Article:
Tutorials / 21 April 2021

How to Record Vocals on Your Phone

How to record vocals on your mobile phone iphone with earphones BandLab

Guest Blogger: Gregory A. Barker, PhD is a Co-Founder of Singdaptive and its VP of Publishing. He is also an editor, with Kathy Alexander, of The Ultimate Guide to Singing. Greg is also a Fellow at the University of Winchester, a published author with Oxford University Press, and a textbook writer & journalist. 

Using a phone to record your vocals isn’t a process looked down on by the pros. Singers are using their phones to remember musical ideas, submit samples for auditions, send music to friends, family and fans – and to lay down tracks for recording projects. 

For many of those situations just singing near your phone can get you going quick and easy. The little mics in your phone have come a long way in recent years. Even though they can’t beat a good condenser mic + interface, they’re getting closer all the time.

But musicians using apps like BandLab typically want to record their voice to a backing track they’ve imported or produced. They may even want to add vocal harmonies. This type of recording is called multitrack recording.

When you’re doing a multitrack recording you need to isolate your voice. This means that you can’t listen to the music blaring out of your speakers on your phone while you record.

This guide takes you through the essential steps that’ll help you record vocals on your phone – so that you can produce shareable multitrack recordings to the world and beyond. 

1. Don’t go wireless

It may seem that multitrack recording on your phone should be simple: “What’s the big deal? Pair up your wireless earbuds, press record and sing!”

The best type of headphones to use to record vocals on your phone are ones where the microphone is built into the cable. With these types of headphones, you can then experiment with holding the microphone embedded into that cable further away or closer to your mouth.

As convenient and stylish as your wireless headphones may be, they have two issues that make them impractical: latency and quality.

A wireless audio signal sent back and forth between your headphones and your smartphone takes much more time than with a cable. This time lag is called latency – and it’s too high with wireless mics. You’ll find yourself struggling to stay in sync with your track. Also, more data compression can happen on your wireless headphones than with your wired headphones. This can mean that the quality of your recording suffers.

So, put the wireless headphones away and get yourself a pair of wired headphones with a built-in microphone. The best type of headphones to use to record vocals on your phone are ones where the microphone is built into the cable. With these types of headphones, you can then experiment with holding the microphone embedded into that cable further away or closer to your mouth. This brings us to the next point…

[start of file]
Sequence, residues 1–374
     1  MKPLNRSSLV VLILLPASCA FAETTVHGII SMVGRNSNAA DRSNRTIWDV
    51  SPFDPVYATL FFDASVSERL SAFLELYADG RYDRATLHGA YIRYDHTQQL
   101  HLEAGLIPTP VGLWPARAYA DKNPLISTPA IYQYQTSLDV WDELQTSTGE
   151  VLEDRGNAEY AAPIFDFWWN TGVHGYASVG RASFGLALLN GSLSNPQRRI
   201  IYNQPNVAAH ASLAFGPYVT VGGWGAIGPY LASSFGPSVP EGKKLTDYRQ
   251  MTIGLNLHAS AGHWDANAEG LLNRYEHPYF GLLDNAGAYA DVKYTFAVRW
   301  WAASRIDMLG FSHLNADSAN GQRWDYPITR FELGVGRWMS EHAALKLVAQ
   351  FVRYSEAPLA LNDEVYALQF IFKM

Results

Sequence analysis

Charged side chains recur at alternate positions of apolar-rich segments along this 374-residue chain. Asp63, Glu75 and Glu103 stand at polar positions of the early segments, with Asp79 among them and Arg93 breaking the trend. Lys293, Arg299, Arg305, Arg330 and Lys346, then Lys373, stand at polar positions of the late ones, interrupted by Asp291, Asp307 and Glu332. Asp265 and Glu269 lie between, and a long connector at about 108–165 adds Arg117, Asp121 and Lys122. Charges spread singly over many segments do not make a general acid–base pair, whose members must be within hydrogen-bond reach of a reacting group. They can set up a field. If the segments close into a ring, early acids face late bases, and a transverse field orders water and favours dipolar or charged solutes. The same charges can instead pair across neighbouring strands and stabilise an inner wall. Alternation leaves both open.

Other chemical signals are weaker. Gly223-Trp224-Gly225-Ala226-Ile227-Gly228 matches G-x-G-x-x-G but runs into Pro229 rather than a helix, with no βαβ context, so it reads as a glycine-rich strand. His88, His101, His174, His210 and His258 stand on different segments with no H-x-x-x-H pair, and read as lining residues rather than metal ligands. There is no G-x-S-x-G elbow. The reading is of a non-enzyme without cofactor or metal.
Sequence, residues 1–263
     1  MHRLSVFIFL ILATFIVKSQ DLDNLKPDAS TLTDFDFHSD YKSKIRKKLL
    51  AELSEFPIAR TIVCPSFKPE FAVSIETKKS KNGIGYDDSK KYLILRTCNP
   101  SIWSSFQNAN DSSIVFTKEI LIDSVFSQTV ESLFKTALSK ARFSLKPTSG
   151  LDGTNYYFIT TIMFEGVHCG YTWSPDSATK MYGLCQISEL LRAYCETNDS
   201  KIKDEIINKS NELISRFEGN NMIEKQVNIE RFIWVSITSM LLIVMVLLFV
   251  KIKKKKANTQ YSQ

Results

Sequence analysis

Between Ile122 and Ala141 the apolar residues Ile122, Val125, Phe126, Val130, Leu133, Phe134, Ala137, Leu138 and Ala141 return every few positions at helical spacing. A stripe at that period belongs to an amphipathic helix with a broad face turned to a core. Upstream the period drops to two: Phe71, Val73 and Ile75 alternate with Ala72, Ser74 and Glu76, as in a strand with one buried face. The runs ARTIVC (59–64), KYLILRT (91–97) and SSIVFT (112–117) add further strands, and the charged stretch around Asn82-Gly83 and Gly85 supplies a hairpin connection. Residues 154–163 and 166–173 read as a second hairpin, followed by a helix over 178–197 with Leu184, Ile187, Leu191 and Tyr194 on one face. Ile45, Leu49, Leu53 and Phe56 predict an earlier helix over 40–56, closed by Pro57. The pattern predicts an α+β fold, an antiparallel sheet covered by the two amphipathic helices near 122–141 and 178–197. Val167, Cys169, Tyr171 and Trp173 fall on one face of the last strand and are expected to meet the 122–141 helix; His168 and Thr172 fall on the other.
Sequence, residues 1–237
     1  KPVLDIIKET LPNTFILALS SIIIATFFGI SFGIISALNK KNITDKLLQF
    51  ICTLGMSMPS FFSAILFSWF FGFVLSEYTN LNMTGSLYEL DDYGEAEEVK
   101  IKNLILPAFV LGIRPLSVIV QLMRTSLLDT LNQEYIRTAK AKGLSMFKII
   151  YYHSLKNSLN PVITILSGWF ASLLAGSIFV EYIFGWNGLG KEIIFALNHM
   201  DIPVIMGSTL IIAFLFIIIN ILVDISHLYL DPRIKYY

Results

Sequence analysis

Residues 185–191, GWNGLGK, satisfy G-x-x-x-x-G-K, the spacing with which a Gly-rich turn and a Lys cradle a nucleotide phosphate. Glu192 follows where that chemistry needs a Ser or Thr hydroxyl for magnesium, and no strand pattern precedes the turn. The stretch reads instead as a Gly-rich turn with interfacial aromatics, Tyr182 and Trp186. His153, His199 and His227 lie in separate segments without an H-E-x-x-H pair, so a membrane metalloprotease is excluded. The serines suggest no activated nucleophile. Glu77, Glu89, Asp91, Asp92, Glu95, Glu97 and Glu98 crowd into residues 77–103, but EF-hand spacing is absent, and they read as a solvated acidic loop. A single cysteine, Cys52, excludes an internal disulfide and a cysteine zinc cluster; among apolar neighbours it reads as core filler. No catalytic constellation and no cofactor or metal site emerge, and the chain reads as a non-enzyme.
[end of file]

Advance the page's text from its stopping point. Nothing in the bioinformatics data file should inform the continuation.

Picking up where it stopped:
Recording vocals on mobile phone recommended with wired earphones
Go with wired headphones or earbuds if you are recording vocals as a part of a multitrack project.

2. Get the distance right

No matter what type of headphones you have, you want to find where that microphone is located. Is it in the cable? Or is it embedded into one of the earcups? Once you’ve found it, you’re going to experiment with the distance and orientation of that mic to your mouth. 

It may sound crazy but changing the angle of the mic slightly can result in a change to the recording quality. And when a microphone is within 30 cm of your mouth, moving that mic even 5 or 10cm can make a big difference to your sound. 

For example the closer you hold the phone to your mouth, the less background noise you’ll pick up. When the mic is in the cable, it can be fairly easy to move it around and try different positions. 

TIP: take one earbud out of your ear – this often gives you more flexibility in moving the mic. If you have a mic embedded into the earcups – take the earcup that has the embedded mic (you’ll see a small little hole) and slide that earcup off your ear and place it close to your mouth. You may not look Instagram worthy, but it may help you get a better sound.

Does this mean that holding the mic right at your lips is the best way to record? Not at all – because if you are singing loudly you may end up “clipping” your signal. This means that the sound of your voice is distorted.

The further away you hold the mic, the less chance there is of clipping/distorting your signal. However, this decreases the difference between your level and the level of the noises around you. This can result in a noisier and more ambient recording.

Distance matters – for all recording projects, whether it’s on a recording mic in a pro studio or the mic array in your smartphone. Fortunately, there’s an easy way to figure out the solution.

3. Take the “Test of Three”

Just open a recording app like BandLab on your smartphone right now. Sing one phrase, verse or chorus of a song. If you’re working on a project which involves an entire song, then choose a louder, more energetic passage from your song.

Record this three times, at the same volume, holding your mic in a similar orientation, but each time using a different distance from your mouth:

  • A couple inches (up to 6 cm)
  • Up to a foot (30 cm)
  • Further than a foot (if you can)

Listen back to the recordings – which one sounds best to you? You may find it interesting to look at the waveforms from the three recordings. Do you see any “clipping”? This is where the loudest notes have been clipped off in the waveform. Clipping results in a distorted signal – and will likely only happen when the mic is too close to your mouth.